Shropshire Council (19 000 192)

Category : Adult care services > Residential care

Decision : Not upheld

Decision date : 12 Dec 2019

The Ombudsman's final decision:

Summary: The complainant says the Council placed her late husband in a nursing home that did not meet his needs rather than a hospice causing him to suffer and distress to the family. The Council says it arranged a place in a nursing home following an assessment where the nursing home said it could meet the resident’s needs and liaised with hospice staff in providing end of life care. In deciding on the nursing home, the Council considered its proximity to the family home, so the resident benefitted from family visits. The Council investigated complaints about the nursing home but found the care provided acceptable. The Ombudsman finds the Council acted without fault.

The complaint

  1. The complainant whom I shall refer to as Mrs X complains the Council placed her late husband (whom I shall refer to as Mr X), in a nursing home which was not appropriate for his care needs. Mrs X complains the Council failed to properly consider placing Mr X in a hospice which would offer suitable end of life care.
  2. Mrs X says this caused Mr X to receive inadequate care during the last weeks of his life. The family including Mr X’s two daughters and Mrs X found this distressing adding to their anguish on Mr X’s death.

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The Ombudsman’s role and powers

  1. We investigate complaints about ‘maladministration’ and ‘service failure’. In this statement, I have used the word fault to refer to these. We must also consider whether any fault has had an adverse impact on the person making the complaint. I refer to this as ‘injustice’. If there has been fault which has caused an injustice, we may suggest a remedy. (Local Government Act 1974, sections 26(1) and 26A(1), as amended)
  2. We cannot question whether a council’s decision is right or wrong simply because the complainant disagrees with it. We must consider whether there was fault in the way the decision was reached. (Local Government Act 1974, section 34(3), as amended)
  3. If satisfied with a council’s actions or proposed actions, we can complete our investigation and issue a decision statement. (Local Government Act 1974, section 30(1B) and 34H(i), as amended)
  4. When considering complaints, if there is a conflict of evidence, we make findings based on the balance of probabilities. This means that we will weigh up the available relevant evidence and base our findings on what we think was more likely to have happened.
  5. We normally expect someone to refer the matter to the Information Commissioner if they have a complaint about data protection. (Local Government Act 1974, section 24A(6), as amended)

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How I considered this complaint

  1. In considering this complaint I have:
    • Spoken with Mrs X and studied the information presented with her complaint;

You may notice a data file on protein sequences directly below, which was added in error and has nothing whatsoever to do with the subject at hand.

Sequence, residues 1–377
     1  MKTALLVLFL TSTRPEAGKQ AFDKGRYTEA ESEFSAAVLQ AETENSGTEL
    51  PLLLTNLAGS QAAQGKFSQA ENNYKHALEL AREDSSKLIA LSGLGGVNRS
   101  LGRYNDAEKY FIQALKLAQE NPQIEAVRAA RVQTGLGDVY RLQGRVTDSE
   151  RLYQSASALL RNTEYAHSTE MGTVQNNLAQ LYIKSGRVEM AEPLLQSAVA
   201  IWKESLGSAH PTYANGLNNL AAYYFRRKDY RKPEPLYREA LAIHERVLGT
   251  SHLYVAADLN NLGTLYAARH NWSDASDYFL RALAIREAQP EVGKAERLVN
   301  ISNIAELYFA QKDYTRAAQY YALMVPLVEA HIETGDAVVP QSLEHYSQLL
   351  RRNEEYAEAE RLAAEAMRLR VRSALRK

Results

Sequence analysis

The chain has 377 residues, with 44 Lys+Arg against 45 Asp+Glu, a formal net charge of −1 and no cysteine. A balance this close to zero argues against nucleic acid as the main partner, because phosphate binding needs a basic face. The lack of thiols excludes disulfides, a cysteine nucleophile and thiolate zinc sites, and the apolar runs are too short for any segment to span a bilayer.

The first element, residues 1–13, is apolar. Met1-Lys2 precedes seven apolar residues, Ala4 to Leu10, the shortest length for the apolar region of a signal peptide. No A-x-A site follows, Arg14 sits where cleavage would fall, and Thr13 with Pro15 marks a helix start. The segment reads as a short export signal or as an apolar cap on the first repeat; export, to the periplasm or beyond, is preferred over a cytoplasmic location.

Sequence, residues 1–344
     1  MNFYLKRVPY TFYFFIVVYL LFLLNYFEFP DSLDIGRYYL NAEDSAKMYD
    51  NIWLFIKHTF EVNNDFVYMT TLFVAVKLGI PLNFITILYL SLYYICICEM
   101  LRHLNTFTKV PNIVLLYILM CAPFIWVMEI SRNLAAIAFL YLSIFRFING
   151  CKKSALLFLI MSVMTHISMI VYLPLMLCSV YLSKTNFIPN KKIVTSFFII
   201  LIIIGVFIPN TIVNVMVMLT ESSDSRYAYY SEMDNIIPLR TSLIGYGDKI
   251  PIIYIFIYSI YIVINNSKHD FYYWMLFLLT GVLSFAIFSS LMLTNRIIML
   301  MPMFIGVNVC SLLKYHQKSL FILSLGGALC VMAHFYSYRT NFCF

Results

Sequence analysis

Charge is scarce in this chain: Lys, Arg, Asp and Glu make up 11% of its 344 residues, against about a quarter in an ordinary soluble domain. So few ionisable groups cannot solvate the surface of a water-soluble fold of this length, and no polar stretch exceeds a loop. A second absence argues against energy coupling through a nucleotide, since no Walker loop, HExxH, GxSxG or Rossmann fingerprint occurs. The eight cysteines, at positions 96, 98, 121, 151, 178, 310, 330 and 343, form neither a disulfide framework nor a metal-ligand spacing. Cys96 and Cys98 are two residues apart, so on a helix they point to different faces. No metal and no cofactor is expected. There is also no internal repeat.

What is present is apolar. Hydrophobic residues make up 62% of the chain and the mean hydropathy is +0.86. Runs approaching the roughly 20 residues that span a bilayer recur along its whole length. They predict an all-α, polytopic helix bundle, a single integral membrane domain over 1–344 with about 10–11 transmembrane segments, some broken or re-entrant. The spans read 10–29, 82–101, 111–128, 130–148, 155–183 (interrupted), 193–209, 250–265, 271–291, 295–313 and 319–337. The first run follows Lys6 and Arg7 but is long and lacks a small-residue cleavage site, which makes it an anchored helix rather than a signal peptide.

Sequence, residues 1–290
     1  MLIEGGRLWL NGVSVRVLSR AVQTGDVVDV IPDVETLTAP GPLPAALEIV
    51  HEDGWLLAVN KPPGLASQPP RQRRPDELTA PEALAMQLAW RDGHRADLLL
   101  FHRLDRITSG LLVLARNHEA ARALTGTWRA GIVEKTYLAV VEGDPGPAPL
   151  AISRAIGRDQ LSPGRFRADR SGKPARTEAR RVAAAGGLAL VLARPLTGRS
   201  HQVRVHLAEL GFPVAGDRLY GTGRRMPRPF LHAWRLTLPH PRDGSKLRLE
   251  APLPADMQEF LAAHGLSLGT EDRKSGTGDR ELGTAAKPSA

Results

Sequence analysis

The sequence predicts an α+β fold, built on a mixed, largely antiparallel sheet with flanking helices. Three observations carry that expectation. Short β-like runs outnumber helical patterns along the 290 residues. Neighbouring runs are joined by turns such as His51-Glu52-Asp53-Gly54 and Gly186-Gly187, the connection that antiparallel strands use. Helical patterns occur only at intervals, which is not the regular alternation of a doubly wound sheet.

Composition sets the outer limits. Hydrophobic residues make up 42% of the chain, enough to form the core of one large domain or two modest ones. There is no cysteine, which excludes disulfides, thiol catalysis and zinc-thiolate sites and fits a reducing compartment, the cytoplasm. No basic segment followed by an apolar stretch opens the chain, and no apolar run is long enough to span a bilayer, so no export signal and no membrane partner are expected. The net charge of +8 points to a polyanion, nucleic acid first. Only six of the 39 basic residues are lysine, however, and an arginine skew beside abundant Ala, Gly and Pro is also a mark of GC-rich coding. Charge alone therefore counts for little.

• Put enquiries to the Council and reviewed its responses;
    • Researched the relevant law, guidance and policy;
    • Shared my draft decision with Mrs X and the Council and reflected on the comments received.

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What I found

  1. Under the Care Act 2014 and guidance issued under that Act, councils must consider the holistic needs of a resident. This includes having contact with family and friends which should be considered in any decisions on where care will be provided.
  2. A person must be presumed to have capacity to make a decision unless it is established that he or she lacks capacity. A person should not be treated as unable to make a decision:
    • because he or she makes an unwise decision;
    • based simply on: their age; their appearance; assumptions about their condition, or any aspect of their behaviour; or
    • before all practicable steps to help the person to do so have been taken without success.
  3. The Council must assess someone’s ability to make a decision, when that person’s capacity is in doubt. How it assesses capacity may vary depending on the complexity of the decision.
  4. An assessment of someone’s capacity is specific to the decision to be made at a particular time. When assessing somebody’s capacity, the assessor needs to find out:
    • Does the person have a general understanding of what decision they need to make and why they need to make it?
    • Does the person have a general understanding of the likely effects of making, or not making, this decision?
    • Is the person able to understand, retain, use, and weigh up the information relevant to this decision?
    • Can the person communicate their decision?
  5. The person to assess an individual’s capacity will usually be the person who is directly concerned with the individual when the decision needs to be made. More complex decisions are likely to need more formal assessments.
  6. If there is a conflict about whether a person has capacity, and all efforts to resolve this have failed, the court of protection might need to decide if a person has capacity to make the decision.
  7. A key principle of the Mental Capacity Act 2005 is that any act done for, or any decision made on behalf of a person who lacks capacity must be in that person’s best interests.
  8. The Act provides a checklist for decision makers to decide what is in a person’s best interests. The decision maker must consider if there is a less restrictive choice available that can achieve the same outcome. The checklist includes considering the views of anyone engaged in caring for the person or who has an interest in the person’s welfare. This is subject to it being ‘practicable and appropriate’ to consult them.
  9. If there is a conflict about what is in a person’s best interests, and all efforts to resolve the dispute have failed, the court of protection might need to decide what is in the person’s best interests.